The Unist’ot’en camp is on the traditional and unceded land of the Wet’suwet’en people. The Camp has existed for eight years and is a homestead and healing center. It sits along the proposed route of multiple LNG pipelines, including Coastal GasLink (subsidiary of TransCanada Corp). Coastal GasLink recently served notice for a civil lawsuit, claiming financial damages for “occupying, obstructing, blocking, physically impeding or delaying access” and applied for an injunction against the Unist’ot’en Camp.
Last week, the BC Supreme Court ruled in favour of Coastal GasLink, granting the injunction against the Unist'ot'en Camp to clear the way for further construction of the pipeline. “The use of legal injunctions and litigation against the Unist’ot’en is part of a long colonial history of criminalization against Indigenous peoples. As noted in a recent UN report, criminalization of Indigenous land defenders is an attempt to silence Indigenous peoples voicing their legitimate opposition to projects that threaten their livelihoods and cultures.” - Pam Palmater, Chair in Indigenous Governance at Ryerson University.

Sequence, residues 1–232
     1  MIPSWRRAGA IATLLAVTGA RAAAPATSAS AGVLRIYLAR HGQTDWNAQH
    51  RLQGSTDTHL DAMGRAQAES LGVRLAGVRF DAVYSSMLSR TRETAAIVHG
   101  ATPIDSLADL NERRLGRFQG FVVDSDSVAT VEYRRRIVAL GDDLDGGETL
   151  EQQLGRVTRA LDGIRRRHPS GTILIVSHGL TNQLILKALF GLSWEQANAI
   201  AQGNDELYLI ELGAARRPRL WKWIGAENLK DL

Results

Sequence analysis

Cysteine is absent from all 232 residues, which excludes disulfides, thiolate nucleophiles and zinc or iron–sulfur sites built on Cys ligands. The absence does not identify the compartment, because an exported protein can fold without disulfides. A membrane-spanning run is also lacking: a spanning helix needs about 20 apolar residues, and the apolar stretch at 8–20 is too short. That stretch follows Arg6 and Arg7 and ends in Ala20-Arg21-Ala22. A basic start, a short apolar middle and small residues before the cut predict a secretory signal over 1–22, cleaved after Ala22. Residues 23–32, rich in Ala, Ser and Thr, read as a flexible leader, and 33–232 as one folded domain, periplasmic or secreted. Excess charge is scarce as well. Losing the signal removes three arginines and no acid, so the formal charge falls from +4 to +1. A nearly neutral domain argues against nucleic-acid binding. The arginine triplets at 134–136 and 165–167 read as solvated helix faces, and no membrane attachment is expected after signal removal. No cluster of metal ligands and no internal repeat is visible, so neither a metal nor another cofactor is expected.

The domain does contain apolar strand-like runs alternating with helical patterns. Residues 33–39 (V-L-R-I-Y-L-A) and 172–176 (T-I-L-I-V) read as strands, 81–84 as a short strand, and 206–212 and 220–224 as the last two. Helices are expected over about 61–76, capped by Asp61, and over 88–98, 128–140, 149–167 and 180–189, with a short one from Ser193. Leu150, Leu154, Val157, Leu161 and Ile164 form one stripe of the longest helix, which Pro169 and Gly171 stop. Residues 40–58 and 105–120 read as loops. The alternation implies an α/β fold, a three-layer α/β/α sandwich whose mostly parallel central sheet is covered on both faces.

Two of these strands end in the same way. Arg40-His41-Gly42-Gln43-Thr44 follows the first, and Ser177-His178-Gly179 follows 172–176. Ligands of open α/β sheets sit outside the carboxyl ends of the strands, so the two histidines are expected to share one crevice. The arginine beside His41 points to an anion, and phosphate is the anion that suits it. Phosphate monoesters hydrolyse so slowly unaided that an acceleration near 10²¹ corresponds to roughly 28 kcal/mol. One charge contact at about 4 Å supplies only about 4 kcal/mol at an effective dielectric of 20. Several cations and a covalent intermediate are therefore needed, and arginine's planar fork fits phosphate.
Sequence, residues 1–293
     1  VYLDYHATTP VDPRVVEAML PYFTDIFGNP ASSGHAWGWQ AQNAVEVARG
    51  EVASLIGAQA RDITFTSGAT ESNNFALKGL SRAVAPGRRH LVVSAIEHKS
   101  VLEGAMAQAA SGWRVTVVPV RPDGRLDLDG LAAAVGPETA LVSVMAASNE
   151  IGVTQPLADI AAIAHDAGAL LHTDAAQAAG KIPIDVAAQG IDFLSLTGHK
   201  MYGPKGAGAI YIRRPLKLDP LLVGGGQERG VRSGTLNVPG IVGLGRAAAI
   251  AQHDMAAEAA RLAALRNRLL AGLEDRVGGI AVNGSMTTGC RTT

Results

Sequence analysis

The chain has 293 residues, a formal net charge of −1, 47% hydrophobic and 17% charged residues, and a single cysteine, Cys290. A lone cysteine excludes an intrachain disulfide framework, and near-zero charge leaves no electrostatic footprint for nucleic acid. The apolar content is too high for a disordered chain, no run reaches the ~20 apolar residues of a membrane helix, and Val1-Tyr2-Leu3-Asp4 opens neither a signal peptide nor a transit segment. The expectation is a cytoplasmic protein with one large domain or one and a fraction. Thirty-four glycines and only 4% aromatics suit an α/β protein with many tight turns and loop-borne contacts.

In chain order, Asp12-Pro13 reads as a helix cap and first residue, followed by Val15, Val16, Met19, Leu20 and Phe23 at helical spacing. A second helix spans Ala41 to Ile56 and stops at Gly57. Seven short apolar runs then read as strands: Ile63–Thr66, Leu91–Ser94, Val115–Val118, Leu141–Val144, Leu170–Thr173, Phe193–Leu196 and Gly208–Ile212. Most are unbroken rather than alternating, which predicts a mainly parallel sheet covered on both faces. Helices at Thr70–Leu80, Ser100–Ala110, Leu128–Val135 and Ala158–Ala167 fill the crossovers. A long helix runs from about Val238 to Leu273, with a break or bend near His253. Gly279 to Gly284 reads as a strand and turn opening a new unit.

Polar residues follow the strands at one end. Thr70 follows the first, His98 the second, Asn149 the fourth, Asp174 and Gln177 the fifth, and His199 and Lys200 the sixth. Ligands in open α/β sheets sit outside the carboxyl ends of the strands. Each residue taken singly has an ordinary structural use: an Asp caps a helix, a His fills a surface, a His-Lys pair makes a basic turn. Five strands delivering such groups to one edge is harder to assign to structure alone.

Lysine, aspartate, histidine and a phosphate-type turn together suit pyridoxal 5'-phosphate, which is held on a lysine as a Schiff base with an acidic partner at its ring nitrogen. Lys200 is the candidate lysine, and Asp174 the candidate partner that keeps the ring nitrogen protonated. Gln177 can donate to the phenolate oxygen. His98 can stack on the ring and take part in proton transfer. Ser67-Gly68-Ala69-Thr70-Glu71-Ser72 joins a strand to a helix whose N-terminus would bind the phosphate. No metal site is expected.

Chief Na’moks said that the Wet’suwet’en will continue to oppose the pipeline and occupy the healing lodge, where many adults and youth go for spiritual guidance and cultural connection.
“It is our territory, we never ceded, surrendered, or lost in war..we have a right to protect the land as we see fit and we will use all available means to protect it, we are united that the project will not happen in our territory.” Tonight, a rally in support of Unist’ot’en was held in Vancouver. Visit unistoten.camp to learn more and support the Unist’ot’en!
#unistoten #standwithunistoten #nopipelines #climatejustice #indigenousrights #bcpoli #cdnpoli #transcanada #coastalgaslink #lng